Birds twitter in the cool morning air. A gentle breeze blows against my face.
Riding my bike today, I stop briefly on Fair Oaks Bridge to check for wildlife and spider webs. I continue on the American River Parkway trail, stopping at a shallow, narrow place on the American River. This short part of the river is lined with a thick blanket of gravel. The river’s resident Mallards come here to find food. Salmon arrive in the fall to spawn here.
Many salmon swim further upriver to another shallow place, or finish their long journey to Nimbus Fish Hatchery. I chat with several walkers who have also stopped to enjoy the view.
A Cormorant stands on a small island in the middle of the river channel. I hear a distant quack from an unseen duck once, and then again and again, as if it is calling ‘Where is everyone?’ This rocky island is a fraction of its former size before the winter 2017 flooding. Fishermen used to dock their boats here, set up a chair with their ice chest alongside, and spend a few hours fishing.
Next stop is a picnic area on the riverbank, a short distance from the bike path. I listen to the sounds of the soft breeze and hear the water gently moving downstream. The river is moving more quickly today than recent visits. Small white peaks form on the other side of the river about 100 yards downstream. Could this be where rocks hide underneath and create rapids in the river?
I ride back to the boat launch ramp to watch Mallards searching the water for bugs or seeds or something to nibble on. I sit and watch them paddle through the water and dive head first into the water searching for food. If I had food to give them, two dozen ducks would fly in from anywhere, sensing feeding activity on the river.
Have you ever seen a chicken that looks like this one?
I found this one scratching at the dirt looking for breakfast during one of my morning walks to Fair Oaks Bridge.
Three days later. . .
I returned to Fair Oaks Bridge and saw a river otter enjoying a morning swim.
Later that morning … I saw three turtles had found a fallen log at the riverbank just beneath the bridge to enjoy morning meditation in the sun.
And the next day...
Mama duck and her six new ducklings out for a swim. They were surrounded by a dozen Canada Geese aggressively searching for food. She led them carefully – as they peeped and followed in a line – to a safer hiding spot in the middle of nearby reeds.
A few minutes walk from Fair Oaks Village down Bridge Street – The American River and Fair Oaks Bridge crossing feature abundant opportunities to enjoy incredible scenic views and diverse wildlife. Great walks and bicycle rides for miles in either direction.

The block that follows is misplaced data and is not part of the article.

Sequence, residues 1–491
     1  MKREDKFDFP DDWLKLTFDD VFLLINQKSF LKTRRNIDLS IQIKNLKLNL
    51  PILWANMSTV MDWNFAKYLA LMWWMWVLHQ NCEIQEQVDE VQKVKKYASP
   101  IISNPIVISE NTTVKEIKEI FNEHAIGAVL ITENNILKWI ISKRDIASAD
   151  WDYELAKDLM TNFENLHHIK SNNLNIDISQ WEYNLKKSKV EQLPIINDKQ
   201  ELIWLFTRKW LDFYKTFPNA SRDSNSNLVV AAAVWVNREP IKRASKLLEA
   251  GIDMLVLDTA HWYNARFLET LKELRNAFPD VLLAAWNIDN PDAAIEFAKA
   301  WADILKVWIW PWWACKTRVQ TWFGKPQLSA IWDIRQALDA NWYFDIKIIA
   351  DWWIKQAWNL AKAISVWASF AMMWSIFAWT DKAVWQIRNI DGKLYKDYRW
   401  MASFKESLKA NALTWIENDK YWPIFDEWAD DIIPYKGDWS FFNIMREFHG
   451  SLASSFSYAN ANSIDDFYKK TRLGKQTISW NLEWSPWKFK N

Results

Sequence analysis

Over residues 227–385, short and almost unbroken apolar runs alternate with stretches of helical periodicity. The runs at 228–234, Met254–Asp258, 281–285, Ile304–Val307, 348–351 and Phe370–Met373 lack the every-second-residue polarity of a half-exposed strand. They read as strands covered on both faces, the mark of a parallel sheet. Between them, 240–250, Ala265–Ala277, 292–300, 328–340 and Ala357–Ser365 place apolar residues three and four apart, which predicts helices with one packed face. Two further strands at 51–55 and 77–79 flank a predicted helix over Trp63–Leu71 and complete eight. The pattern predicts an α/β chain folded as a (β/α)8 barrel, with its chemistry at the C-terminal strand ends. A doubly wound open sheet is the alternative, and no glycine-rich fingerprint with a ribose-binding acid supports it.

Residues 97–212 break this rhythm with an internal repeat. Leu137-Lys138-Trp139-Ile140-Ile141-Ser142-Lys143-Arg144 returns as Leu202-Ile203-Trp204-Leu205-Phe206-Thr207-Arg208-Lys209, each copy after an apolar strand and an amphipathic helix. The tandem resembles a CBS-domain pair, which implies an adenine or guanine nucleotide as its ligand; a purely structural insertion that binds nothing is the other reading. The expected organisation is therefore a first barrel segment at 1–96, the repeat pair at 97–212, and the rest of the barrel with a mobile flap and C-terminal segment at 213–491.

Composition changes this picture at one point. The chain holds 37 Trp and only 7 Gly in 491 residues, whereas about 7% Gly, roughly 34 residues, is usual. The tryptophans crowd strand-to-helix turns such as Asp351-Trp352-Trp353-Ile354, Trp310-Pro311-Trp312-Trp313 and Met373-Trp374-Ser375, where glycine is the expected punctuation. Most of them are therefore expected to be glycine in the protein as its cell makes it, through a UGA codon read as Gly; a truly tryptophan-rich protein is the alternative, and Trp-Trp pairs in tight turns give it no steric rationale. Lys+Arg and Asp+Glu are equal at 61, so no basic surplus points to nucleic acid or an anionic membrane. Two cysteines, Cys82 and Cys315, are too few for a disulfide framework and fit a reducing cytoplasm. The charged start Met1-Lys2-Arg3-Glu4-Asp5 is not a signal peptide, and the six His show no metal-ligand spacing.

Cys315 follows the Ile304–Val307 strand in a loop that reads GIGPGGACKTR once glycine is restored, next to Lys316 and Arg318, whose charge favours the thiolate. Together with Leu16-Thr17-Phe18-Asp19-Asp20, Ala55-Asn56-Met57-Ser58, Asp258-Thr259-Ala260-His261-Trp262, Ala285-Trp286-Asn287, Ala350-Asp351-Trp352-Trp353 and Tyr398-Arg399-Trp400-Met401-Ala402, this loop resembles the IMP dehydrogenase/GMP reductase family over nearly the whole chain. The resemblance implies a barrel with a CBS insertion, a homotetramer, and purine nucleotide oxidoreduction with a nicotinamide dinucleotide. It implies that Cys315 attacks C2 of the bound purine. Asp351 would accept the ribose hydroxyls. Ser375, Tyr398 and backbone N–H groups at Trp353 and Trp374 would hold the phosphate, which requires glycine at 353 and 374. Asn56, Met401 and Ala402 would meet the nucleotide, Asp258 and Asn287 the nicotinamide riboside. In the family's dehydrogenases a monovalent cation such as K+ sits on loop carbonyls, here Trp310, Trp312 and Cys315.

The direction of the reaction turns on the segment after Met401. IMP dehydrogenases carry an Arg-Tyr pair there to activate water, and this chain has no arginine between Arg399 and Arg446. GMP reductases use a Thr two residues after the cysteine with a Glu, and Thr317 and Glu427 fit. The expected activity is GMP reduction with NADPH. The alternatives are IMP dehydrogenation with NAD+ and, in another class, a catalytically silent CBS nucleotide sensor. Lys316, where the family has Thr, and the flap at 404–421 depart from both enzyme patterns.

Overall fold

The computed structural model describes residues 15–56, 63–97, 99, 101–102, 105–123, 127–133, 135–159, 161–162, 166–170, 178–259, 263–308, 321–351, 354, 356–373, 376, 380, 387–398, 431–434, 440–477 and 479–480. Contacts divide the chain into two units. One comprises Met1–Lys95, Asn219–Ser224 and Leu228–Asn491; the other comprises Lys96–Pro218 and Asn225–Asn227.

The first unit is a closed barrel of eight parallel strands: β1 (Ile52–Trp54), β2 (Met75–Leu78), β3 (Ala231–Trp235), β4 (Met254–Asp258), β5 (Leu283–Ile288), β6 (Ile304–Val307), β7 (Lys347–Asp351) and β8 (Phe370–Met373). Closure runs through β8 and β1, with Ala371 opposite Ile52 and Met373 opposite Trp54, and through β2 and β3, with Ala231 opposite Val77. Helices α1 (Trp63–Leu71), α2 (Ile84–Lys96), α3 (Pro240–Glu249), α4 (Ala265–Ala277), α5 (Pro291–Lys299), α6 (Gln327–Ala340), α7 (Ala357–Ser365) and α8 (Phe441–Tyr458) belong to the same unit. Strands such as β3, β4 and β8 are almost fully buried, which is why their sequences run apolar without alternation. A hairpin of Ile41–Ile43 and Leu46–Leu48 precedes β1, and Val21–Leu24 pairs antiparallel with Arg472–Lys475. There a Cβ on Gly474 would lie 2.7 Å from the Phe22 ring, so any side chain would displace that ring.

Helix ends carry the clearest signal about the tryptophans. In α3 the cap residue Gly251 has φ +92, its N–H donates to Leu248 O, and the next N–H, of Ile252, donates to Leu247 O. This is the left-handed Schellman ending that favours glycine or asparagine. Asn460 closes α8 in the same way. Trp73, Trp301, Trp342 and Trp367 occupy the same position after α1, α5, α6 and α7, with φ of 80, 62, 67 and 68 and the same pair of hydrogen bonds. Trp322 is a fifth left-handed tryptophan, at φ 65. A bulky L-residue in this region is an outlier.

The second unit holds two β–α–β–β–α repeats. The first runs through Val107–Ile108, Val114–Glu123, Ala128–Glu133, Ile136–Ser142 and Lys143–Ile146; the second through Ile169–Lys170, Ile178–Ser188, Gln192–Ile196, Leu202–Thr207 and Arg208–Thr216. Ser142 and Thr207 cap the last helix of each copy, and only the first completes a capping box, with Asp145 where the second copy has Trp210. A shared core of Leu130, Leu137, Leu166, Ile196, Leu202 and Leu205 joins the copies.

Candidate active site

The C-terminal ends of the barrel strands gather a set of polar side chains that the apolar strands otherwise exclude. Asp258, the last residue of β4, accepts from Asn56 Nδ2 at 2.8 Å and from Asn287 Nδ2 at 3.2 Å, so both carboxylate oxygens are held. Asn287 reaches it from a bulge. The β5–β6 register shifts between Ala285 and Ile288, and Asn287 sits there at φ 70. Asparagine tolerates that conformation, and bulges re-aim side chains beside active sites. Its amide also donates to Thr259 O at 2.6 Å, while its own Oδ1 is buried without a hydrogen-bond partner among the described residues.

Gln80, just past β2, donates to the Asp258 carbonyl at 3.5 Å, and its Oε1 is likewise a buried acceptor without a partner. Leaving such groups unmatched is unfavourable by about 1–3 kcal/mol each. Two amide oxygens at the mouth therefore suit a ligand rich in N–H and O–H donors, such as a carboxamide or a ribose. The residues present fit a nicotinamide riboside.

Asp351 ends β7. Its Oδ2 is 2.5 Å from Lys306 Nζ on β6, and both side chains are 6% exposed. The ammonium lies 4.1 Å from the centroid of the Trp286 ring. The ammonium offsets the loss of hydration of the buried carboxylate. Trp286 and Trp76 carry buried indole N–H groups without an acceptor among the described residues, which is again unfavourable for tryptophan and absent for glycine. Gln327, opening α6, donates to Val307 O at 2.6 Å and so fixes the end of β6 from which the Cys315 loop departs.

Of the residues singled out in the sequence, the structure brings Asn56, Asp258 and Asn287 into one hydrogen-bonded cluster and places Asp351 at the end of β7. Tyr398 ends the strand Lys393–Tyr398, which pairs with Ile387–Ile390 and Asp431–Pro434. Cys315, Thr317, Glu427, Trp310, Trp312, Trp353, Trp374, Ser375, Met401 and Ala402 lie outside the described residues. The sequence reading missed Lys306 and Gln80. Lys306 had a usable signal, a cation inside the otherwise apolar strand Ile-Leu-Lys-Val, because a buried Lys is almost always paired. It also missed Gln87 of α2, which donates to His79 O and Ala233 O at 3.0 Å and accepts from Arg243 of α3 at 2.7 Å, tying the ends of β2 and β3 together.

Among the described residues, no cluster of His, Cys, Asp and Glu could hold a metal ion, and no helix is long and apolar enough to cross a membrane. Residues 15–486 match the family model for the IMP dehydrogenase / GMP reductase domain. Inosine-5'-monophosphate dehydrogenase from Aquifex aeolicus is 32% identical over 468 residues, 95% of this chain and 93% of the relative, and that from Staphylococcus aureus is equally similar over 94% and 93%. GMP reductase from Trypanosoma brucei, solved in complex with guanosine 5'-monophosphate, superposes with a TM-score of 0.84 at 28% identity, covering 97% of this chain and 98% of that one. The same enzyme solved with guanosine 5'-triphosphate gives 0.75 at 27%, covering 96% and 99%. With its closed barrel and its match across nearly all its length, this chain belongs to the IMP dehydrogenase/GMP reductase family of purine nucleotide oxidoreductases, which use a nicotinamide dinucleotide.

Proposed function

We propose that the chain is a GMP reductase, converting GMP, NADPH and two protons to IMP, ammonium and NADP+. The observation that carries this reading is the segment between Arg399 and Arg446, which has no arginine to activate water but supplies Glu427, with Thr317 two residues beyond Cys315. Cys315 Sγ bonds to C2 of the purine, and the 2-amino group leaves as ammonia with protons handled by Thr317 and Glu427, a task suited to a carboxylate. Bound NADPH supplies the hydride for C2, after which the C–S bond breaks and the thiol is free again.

As I enter Fair Oaks Village this morning, I stop the car to wait for a chicken to cross the street and join a friend in the center median.Chickens are calling from all parts of the Village. I see them in parking lots, on streets and hiding near bushes.
A cool morning wind feels refreshing after a long and hot day. Glowing, hot yellow sun and a brilliant blue sky. No clouds anywhere.
I see a kayak launch into the water and watch the driver inside pressing foot pedals to move his craft around the river. The boat is filled with three people, a large bucket and other fishing equipment. Fishermen in their boats take positions in the American River for a morning of fishing.
Water level of the river continues to be slightly higher than a week ago. The river channel is relatively flat at Fair Oaks Bridge, so the water remains calm. A pair of ducks fly in and land with a splash out of sight under the bridge. Joggers and walkers pass – alone and in pairs. No one pauses to look over either side of Fair Oaks Bridge to enjoy the scenic views.
A tiny bird greets me with its good morning song. “Ti Too! Ti Too!” as it stands at the top of the bridge truss looking down at me. I see no Buffleheads swimming and searching for breakfast. I can’t remember when I saw them last. When did they leave?
A dozen spider webs stretch across the bridge rails ranging in size from 9” across to a more compact 2”.
I rarely see spider webs hanging on the west side of Fair Oaks Bridge. Why do spiders spin their webs on the east side of the bridge and not the west?
Could web placement be related to the sun’s position in the sky? Is web construction related to where the shadows fall or the temperature of a specific place? Do insects prefer to fly about on the east side and not the west?